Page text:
A Hands-Off Approach

Vital to any setup that will be part of a moving vehicle, Bluetooth hands-free technology is here. The provided Bluetooth microphone lets the people you’re calling hear your voice and the vehicle speakers let you hear them back.

The same technology lets you play and control your apps and your music, including Spotify and Pandora. So even this relatively low-end head unit will let you get the most out of the time on the road for either chilling to music or educating yourself with podcasts.

The CD player is also a DVD player, but you’re not going to be able to watch movies while the vehicle is moving. You know, for obvious reasons. However, there’s a workaround where you can ground the unit to its own body and bypass the video restriction.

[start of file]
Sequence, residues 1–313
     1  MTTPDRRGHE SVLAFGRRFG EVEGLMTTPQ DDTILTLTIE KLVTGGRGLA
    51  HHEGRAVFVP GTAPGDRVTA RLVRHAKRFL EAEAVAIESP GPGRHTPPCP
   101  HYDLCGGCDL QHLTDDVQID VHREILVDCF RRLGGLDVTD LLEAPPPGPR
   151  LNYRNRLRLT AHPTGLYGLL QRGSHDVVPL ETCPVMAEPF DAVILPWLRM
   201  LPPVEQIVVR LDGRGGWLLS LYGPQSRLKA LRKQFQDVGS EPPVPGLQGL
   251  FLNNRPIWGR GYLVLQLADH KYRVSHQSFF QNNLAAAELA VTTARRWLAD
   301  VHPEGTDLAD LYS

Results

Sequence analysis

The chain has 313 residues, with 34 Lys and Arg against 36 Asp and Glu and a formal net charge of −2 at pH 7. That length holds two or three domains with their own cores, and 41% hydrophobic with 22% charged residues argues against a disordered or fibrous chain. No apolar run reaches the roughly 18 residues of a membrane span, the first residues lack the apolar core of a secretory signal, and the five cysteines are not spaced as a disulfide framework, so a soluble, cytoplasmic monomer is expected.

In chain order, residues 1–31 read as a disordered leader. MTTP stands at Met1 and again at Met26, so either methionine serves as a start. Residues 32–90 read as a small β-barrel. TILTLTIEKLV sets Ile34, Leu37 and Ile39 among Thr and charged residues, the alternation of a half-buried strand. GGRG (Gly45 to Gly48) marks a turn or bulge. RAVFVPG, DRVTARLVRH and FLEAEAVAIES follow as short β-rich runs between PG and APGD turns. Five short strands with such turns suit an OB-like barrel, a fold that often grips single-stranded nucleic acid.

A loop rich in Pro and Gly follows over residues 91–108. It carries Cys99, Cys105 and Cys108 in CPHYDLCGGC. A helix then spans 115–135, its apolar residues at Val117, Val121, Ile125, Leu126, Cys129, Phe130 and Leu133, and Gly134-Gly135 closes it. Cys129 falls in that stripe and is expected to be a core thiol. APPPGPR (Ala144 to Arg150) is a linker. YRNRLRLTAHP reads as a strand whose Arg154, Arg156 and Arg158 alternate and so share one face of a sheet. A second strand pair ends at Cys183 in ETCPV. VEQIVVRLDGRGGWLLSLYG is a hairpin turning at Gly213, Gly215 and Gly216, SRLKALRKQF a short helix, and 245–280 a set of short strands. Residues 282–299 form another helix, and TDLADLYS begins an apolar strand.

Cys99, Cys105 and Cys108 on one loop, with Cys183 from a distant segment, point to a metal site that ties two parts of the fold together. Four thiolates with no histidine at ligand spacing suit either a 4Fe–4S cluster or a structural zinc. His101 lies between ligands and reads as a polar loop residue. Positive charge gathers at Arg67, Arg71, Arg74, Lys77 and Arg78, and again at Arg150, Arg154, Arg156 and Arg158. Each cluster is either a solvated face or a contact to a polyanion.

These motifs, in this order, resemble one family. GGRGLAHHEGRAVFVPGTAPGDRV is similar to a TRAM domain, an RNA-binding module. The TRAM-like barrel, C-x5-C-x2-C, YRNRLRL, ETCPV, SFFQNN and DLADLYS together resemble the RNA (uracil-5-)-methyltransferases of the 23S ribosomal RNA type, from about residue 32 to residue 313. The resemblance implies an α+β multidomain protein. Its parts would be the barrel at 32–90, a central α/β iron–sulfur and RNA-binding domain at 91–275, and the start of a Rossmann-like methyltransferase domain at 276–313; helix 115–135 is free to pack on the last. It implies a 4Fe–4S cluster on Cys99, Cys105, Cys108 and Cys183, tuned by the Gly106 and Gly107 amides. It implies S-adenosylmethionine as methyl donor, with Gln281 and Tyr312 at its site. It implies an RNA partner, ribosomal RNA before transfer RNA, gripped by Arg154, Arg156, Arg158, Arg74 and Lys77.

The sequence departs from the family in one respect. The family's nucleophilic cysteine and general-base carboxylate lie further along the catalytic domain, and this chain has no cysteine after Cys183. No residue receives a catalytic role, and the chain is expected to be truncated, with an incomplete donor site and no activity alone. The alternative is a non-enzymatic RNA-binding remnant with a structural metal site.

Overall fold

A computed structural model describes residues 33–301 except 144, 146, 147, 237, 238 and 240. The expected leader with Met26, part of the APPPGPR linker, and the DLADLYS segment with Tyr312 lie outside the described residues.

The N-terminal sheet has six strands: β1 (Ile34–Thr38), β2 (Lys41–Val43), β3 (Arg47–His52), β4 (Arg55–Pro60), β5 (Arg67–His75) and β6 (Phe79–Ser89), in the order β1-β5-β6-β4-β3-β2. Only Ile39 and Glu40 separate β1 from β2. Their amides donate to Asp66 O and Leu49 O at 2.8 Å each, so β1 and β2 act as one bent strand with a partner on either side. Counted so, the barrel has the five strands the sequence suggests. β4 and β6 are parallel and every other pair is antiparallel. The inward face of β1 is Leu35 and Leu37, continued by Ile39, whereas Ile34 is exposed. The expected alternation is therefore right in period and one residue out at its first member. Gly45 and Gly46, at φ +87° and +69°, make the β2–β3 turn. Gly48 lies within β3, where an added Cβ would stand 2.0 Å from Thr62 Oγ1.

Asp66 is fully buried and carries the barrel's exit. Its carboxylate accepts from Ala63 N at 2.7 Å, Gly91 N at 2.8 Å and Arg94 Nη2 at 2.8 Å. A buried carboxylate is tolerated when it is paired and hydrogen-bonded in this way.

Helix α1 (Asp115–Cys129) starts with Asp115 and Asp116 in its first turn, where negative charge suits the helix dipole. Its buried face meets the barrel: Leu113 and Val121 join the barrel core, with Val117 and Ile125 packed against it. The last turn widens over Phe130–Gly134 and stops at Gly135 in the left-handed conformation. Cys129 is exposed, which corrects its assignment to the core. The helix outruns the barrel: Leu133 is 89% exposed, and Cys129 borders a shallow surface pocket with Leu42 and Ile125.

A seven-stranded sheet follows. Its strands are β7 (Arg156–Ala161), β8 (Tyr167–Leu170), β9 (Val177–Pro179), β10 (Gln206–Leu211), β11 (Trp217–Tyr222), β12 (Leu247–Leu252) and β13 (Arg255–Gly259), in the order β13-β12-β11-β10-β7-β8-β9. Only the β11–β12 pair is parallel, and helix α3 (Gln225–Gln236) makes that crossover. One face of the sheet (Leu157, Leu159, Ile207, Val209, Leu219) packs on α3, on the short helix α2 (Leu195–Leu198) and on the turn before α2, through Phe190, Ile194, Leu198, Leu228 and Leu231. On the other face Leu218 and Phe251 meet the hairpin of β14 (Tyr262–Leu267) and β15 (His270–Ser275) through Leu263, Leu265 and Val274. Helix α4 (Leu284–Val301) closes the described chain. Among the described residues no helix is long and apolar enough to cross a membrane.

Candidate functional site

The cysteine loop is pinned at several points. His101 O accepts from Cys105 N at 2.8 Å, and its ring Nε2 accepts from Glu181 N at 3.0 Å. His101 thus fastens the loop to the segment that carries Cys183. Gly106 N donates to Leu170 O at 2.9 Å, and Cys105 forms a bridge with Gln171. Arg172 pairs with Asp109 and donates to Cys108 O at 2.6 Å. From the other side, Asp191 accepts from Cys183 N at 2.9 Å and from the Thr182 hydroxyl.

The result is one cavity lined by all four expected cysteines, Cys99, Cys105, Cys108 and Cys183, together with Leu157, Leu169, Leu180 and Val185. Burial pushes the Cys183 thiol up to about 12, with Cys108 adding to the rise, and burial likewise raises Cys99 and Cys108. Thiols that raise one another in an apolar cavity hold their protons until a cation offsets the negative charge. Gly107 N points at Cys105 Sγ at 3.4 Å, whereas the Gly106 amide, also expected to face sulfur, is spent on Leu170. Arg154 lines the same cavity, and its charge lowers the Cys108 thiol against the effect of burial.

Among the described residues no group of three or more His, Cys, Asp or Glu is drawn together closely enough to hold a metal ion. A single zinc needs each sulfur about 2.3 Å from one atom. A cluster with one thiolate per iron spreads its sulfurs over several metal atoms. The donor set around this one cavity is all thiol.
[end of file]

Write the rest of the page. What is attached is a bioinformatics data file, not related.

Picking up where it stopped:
It’s There if You Need it

If you just don’t have any discs to slip in and there’s nothing on the apps that you want to jam to, then you can always pop in a micro SD card.

Personally, I don’t know of anyone that carries around a micro SD card. It might be a great option to have if you’re on a very limited data plan and you have a way of getting the music you would like to listen to on to an SD card, but most people aren’t going to make the most of this feature.

But like the CD player, it’s still current technology and it should be supported.

Hit The Road, Jack

If you have a playback device that either isn’t Bluetooth capable or you’re trying to conserve battery power, you can just use the audio auxiliary jack and plug in your smartphone or MP3 player that way.